16 July 2005 – Arthur Beesley Irish Times
David and Simon Reuben, the billionaire brothers who emerged this week as backers of the Precinct bid for Jurys Doyle, bring a dogged attitude to deal-making in their first foray into the Irish business world.
In a career that now spans half a century, the Bombay-born Reubens have amassed a fortune estimated at £2.7 billion sterling (€3.9 billion) through dealings in the Russian metal market, international property, the rail business and a myriad of investments in ventures as varied as data centres and mobile telephony.
Nearly half their fortune is in liquid assets such as cash and bonds. They are not keen on publicity, but provide some details about their many interests on their personal website, reubenbrothers.com.
The Reubens are more shrewd with their wealth than flamboyant. The deals listed on the website tend to be valued more in the hundreds of millions than the tens. They don’t appear to do single-digit deals at all.
Through Precinct – controlled by developer Bryan Cullen, solicitor David Coleman and builder JJ Murphy – they may now be about to add the Jurys Doyle chain to their empire.
As the men who would provide most of the money in the event of a successful bid for the group by Predict, they would have a major say in the future of the business. But it is unclear at present what plans they have.
The brothers’ spokesman in London declined to comment on the specific plans but said their main investments at present were in property. That could suggest a bias towards a break-up of the group to precede a sale of some of its properties, a scenario favoured by Precinct.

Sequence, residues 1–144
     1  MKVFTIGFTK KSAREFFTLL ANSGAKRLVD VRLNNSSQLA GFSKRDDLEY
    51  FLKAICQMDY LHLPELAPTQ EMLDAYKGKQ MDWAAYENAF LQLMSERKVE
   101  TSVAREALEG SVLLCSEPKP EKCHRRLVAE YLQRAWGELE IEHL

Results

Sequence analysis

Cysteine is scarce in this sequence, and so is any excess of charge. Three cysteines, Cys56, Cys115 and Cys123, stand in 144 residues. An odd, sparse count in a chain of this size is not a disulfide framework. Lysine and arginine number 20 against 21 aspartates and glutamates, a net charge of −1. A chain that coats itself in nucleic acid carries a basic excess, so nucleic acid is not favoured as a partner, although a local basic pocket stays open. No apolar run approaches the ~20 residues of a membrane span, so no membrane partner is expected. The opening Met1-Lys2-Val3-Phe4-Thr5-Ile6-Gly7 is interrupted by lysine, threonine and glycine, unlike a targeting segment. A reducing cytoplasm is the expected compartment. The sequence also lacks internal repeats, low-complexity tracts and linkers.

Nevertheless, the Reubens’ spokesman pointed out that they have often taken long-haul investments in companies.
While their involvement gives Precinct an additional layer of credibility in a process that could see more than €1 billion changing hands, the real import may be that the Reubens’ financial muscle gives Precinct the scope to up their offer in the event of a bidding war. With international hoteliers said to be running the rule over Jurys Doyle, that is a distinct possibility.
If the late PV Doyle would lament any sale of the hotel group he built from scratch, it is without doubt that he would recognise the entrepreneurial grit of the Reubens.
Dubbed the “metal tsars” in Russia, they are estimated to have made some £1.3 billion in their dealings there. In the post-Soviet era, when other investors shirked what was an untested market, they bought up a large portion of the privatised aluminium industry through their company, Trans-World.
As the business climate chilled under President Vladimir Putin, the Reubens sold Trans-World for £300 million to Sibneft, the oil conglomerate controlled by the Russian tycoon, Roman Abramovich. It was a far cry from their poor upbringing in London.
David Reuben (66) joined Mount Star Metals in 1958, which provided him with an introduction to metal sources in the Soviet Union. He later co-managed a Soviet metals trading venture with Merrill Lynch.
Simon Reuben (64) enjoyed rapid success. He began in business by importing carpets into Britain. Three years later he bought J Holdsworth, England’s oldest carpet firm. He went into the property market in the 1970s before joining his brother in Trans-World.